Wednesday, May 4, 2011

Distributing Sugar, 1918

Plymouth County Sugar
Distribution Coupon, December, 1918
Unlike during World War II with its ration books and O. P. A. tokens, Middleborough and Lakeville in World War I were not subjected to compulsory food rationing, though the voluntary rationing of foodstuffs was encouraged by such organizations as the United States Food Administration and more locally by the Plymouth County Food Distributors’ Association.  Wheat, meat and sugar were all important foods which the government sought to conserve in order to supplement the food rations of America’s European allies.  Promotions such as “meatless Mondays” and “wheatless Wednesdays” looked to alter American eating habits and aid the war effort. Regarding sugar, the United States Food Administration produced posters promoting its conservation and the adoption of voluntary restrictions upon its consumption.  “Save that we may share” and “be proud to be a food saver” reminded the Food Administration.  While the nation was successful in reducing its food consumption by 15% and rationing was avoided, the distribution of goods was still strictly regulated as was the case of sugar.  To aid in local sugar distribution, Plymouth County instituted a formalized system with tickets such as the one pictured here being issued to control distribution of sugar.  Regulations upon the distribution of sugar remained in place for a number of months after the Armistice on November 11, 1918.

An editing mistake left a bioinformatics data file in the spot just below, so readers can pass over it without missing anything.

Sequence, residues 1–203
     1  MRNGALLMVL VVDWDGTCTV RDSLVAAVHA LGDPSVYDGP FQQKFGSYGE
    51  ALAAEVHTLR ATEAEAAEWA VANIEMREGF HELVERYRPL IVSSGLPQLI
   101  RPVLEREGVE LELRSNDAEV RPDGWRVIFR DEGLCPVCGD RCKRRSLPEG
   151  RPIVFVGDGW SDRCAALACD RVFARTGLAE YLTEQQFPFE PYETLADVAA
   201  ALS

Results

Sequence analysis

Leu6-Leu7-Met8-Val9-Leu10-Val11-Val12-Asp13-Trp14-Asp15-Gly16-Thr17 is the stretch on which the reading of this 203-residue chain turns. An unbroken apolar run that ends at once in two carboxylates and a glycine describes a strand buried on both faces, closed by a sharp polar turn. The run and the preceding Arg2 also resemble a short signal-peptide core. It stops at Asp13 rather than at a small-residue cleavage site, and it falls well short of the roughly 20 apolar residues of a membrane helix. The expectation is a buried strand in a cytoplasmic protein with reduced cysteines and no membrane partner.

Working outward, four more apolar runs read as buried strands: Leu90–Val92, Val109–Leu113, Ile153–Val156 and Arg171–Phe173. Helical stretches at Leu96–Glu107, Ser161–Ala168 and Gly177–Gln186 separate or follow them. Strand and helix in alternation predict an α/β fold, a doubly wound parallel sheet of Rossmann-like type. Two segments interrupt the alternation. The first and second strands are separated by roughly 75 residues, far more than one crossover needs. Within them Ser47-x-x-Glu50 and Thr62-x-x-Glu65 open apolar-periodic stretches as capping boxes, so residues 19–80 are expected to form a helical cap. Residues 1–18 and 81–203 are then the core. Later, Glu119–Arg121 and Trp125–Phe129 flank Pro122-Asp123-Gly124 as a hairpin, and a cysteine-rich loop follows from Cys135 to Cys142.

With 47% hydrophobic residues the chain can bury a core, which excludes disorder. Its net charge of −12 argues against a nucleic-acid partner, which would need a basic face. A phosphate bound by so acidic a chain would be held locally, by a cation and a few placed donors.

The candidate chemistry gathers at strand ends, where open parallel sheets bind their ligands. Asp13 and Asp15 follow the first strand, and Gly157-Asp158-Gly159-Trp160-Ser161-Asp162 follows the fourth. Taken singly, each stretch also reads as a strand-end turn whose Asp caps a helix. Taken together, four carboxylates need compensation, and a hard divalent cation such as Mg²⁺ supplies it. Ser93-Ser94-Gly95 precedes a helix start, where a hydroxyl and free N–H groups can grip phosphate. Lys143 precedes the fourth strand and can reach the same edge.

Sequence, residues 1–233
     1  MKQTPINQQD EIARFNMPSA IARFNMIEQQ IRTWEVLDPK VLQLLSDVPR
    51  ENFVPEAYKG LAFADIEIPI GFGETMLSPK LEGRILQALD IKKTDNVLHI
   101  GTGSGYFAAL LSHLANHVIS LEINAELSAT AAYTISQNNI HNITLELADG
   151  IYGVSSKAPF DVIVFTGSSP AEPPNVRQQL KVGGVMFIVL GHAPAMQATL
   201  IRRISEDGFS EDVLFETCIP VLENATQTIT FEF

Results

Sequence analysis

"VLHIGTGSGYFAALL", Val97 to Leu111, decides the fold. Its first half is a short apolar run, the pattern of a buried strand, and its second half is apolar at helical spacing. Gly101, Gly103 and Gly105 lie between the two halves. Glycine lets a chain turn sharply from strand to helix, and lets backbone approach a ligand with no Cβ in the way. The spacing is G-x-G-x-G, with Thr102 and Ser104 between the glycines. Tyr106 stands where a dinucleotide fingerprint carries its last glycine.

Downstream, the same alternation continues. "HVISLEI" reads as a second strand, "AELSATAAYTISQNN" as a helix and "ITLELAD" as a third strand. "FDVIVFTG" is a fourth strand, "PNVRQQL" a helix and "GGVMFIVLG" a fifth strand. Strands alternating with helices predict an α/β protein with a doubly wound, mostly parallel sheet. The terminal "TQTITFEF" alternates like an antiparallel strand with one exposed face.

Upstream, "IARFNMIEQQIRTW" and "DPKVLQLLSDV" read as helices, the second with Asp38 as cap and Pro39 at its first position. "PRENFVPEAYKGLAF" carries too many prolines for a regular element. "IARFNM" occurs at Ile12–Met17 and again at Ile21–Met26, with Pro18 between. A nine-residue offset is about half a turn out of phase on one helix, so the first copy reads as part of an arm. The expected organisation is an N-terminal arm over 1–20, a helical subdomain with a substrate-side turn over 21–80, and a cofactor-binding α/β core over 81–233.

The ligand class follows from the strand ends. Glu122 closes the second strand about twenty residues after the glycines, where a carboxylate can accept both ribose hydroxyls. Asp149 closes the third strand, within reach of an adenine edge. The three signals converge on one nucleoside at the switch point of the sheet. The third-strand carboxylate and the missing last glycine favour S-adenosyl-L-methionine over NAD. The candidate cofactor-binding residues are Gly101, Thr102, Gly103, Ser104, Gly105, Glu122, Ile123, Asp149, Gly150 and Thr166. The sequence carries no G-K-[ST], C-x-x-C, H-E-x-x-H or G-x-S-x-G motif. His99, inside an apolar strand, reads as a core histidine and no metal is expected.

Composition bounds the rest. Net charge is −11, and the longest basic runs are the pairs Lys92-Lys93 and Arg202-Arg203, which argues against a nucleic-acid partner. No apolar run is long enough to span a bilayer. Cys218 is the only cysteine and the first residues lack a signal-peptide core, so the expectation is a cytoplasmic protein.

"Your Sugar Ration", U. S. Food Administration, Poster, 1917-18


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